Portable hard drives typically distinguish themselves in one of two ways: Speed or capacity. With its brisk USB 3.0 interface and plentiful 2TB of storage space, the Western Digital My Passport (which retails for £170) approaches this proverbial fork in the road and takes both paths. It’s huge and quick, which is really what most users look for in a portable drive. But that’s all it has going for it, sadly, as this product doesn’t quite shake the market up as much as it could. That’s not to say it isn’t a fine drive that, thanks to its large capacity, will undoubtedly leave users satisfied for a very, very long time.
Design and Features
The My Passport 2TB is, true to its name, roughly the size of a passport. However, assuming you haven’t travelled to every single country on the planet, it’s a bit chunkier than your average passport at 2cm thick. Weighing a scant 220g, you can easily toss it into your bag or chinos without adding any noticeable heft.
The My Passport takes most of its design cues from Western Digital’s My Passport Studio, feeling appreciably sturdy thanks to its compact size and smooth rounded edges, though the latter’s anodised aluminium chassis accounts for a slightly heavier and overall more attractive final product. That isn’t to say that the My Passport device is an eyesore – far from it. Its plastic chassis sports a pleasingly smooth matte finish on its edges and underside, which contrasts nicely with the dotted pattern that adorns the lid. As was the case with the My Passport Studio, an embossed WD logo on the lid is noticeable but doesn’t detract from the drive’s aesthetics.
There’s a USB Micro-B port at the rear of the drive alongside an activity indicator that flashes intermittent bursts of white light whenever the drive’s in use. There’s a supplied cable to use with the drive’s USB 3.0 or USB 2.0 port, but as far as connectivity goes, that’s about it – the My Passport 2TB doesn’t support FireWire 800 like the My Passport Studio. If you’re content with limiting yourself solely to a USB interface, then this shouldn’t be a major issue, obviously. On the other hand, if your decision hinges on versatility and future-proofing, then Western Digital’s offering falls down here, and you should be looking at an alternative such as the Seagate Backup Plus. This drive is highly flexible in terms of interface options, thanks to its interchangeable USM adapter.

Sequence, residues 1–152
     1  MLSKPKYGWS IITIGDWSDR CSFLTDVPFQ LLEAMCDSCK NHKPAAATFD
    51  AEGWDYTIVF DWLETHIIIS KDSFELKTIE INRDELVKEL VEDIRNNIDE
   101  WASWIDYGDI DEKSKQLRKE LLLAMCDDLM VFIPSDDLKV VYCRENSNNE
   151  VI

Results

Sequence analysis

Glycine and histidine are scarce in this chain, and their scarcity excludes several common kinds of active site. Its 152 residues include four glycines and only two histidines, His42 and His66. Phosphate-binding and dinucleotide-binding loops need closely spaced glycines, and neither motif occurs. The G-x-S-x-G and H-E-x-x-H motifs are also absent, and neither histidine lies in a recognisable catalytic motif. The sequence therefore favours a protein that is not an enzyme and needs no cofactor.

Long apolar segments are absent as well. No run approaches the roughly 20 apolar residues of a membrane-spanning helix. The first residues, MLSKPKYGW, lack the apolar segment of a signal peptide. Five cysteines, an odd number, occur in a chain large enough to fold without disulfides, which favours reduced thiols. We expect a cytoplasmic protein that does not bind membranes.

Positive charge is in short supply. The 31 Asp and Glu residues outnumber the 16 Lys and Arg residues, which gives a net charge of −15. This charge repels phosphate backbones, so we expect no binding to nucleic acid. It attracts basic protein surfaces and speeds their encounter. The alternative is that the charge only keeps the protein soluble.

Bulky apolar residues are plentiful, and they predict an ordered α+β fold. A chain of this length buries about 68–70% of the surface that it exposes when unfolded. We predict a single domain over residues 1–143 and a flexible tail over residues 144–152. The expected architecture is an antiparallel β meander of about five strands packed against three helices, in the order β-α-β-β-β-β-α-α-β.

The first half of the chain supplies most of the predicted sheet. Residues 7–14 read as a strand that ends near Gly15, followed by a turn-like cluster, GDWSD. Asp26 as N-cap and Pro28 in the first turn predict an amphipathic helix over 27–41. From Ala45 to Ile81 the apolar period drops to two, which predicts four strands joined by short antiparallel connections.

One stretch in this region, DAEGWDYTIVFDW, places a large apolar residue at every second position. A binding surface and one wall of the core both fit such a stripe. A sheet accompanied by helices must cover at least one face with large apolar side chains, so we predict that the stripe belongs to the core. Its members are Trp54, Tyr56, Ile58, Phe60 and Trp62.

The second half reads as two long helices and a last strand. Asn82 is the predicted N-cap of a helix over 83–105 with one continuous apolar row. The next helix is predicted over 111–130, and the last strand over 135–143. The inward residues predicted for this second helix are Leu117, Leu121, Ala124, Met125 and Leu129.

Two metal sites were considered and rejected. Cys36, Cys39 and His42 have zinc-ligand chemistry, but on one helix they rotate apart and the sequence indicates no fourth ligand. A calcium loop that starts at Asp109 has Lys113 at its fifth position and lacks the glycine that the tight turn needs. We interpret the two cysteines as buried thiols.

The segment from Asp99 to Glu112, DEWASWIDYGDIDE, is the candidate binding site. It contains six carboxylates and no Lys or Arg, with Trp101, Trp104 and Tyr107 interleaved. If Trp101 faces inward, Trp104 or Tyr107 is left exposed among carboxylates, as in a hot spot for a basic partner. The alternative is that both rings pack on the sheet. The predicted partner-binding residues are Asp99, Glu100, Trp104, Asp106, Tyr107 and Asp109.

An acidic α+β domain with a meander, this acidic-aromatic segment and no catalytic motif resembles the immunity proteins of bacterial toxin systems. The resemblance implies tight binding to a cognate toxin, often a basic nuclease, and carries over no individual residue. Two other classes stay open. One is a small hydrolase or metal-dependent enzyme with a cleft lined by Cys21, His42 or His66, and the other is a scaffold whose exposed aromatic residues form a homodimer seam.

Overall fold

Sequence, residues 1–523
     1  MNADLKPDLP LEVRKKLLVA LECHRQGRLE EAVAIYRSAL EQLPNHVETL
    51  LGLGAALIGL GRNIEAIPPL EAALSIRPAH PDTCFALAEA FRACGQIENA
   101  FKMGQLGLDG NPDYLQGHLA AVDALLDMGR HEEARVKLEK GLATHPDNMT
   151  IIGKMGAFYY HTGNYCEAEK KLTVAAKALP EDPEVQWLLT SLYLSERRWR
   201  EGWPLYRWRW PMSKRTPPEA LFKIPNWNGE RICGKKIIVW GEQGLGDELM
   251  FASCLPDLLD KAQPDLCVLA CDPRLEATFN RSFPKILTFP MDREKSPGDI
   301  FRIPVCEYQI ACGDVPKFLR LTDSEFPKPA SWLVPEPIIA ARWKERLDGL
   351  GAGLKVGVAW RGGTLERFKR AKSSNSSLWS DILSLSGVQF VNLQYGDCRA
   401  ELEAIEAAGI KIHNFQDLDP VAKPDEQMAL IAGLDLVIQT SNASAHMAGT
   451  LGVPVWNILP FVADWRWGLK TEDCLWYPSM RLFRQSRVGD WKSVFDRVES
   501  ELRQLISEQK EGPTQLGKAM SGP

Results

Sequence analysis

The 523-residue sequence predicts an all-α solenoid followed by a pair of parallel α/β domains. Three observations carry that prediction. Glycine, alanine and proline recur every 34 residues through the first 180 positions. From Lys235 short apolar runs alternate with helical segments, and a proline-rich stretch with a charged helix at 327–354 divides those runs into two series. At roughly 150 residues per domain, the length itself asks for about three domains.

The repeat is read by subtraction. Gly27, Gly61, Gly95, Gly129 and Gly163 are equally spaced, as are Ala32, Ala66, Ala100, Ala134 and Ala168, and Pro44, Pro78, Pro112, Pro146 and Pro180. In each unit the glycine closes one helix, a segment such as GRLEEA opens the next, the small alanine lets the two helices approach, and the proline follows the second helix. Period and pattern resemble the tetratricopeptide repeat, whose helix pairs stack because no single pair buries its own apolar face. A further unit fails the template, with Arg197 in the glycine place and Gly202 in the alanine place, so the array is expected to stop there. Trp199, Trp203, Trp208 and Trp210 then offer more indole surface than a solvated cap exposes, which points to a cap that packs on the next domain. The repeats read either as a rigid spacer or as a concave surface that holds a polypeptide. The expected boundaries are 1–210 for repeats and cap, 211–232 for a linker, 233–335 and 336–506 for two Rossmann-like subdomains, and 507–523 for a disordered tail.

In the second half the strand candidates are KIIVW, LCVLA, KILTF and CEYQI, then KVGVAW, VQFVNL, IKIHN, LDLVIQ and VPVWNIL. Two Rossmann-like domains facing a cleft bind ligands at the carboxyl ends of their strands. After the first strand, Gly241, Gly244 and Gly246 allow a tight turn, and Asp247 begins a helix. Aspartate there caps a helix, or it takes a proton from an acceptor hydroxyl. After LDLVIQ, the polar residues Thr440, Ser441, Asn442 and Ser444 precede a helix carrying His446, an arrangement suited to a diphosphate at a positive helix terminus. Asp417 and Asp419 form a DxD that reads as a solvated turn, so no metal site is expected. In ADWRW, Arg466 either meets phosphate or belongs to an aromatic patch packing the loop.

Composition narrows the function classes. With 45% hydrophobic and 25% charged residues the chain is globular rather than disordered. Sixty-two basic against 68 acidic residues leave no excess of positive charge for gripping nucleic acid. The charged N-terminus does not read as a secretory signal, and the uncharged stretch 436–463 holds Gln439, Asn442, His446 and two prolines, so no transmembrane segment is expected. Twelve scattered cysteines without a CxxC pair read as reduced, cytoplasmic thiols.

Not that the My Passport lacks versatility altogether. There’s pre-installed software contained on the My Passport 2TB, including WD Drive Utilities (Diagnostics, Sleep Timer, Drive Erase), the WD Security app for hardware encryption, and WD SmartWare. The latter is an easy-to-use backup program which boasts a newly revamped interface that makes backing up data and retrieving deleted files fairly straightforward endeavours. It’s an impressive program, though not quite up to par with the Seagate Dashboard software included with the Backup Plus, which incorporates social networking features into the user interface to a remarkable degree.
The My Passport 2TB proved a speedy performer overall, especially when using USB 3.0, naturally enough. In our PCMark 05 test, it churned out impressive scores of 6,016 (USB 3.0) and 3,078 (USB 2.0), putting it within close striking distance of the Backup Plus (which hit 6,436 via USB 3.0, and 3,125 via USB 2.0).
Using USB 3.0, the My Passport drive copied our 1.22GB test folder in a brisk 15 seconds. This puts it exactly level with the Backup Plus’ USB 3.0 transfer speed, which was also bang on 15 seconds. To look at another comparison, the Clickfree C6 Portable external drive (1TB version) took 17 seconds. It’s also worth noting that the My Passport’s USB 3.0 transfer rate outperformed the 2TB My Passport Studio’s FireWire 800 transfer rate by a solid 4 seconds (the Studio drive took 19 seconds).
Predictably, USB 2.0 yielded slower speeds for the My Passport 2TB (38 seconds), but nonetheless the device sprinted past the others in its class by varying degrees. It edged past the Backup Plus with two seconds to spare (40 seconds), and outdid the Clickfree C6 Portable (41 seconds) by three seconds. At the very bottom of the heap, the Western Digital My Passport for Mac 1TB, with its sole USB 2.0 connection, took 47 seconds, finding itself significantly outpaced by the My Passport 2TB.
Rather than reinventing the wheel or introducing any ground-breaking innovations to the realm of portable hard drives, the Western Digital My Passport 2TB simply tweaks what already exists. This is not a bad thing – far from it, since most users are mainly concerned with speed and capacity, and it nails both of these aspects. That said, it’s nowhere near as versatile as the Seagate Backup Plus, which successfully combines future-proofing sensibilities with innovative social networking aspects. Still, that doesn’t stop the My Passport 2TB being a fine choice for your next external hard drive, providing you’re okay with sticking to USB.
- Huge capacity
- Speedy USB 3.0 transfer rates
- Attractive and compact chassis
- Some useful pre-installed software
- Not as future-proofed as some rivals
- No alternative connections to USB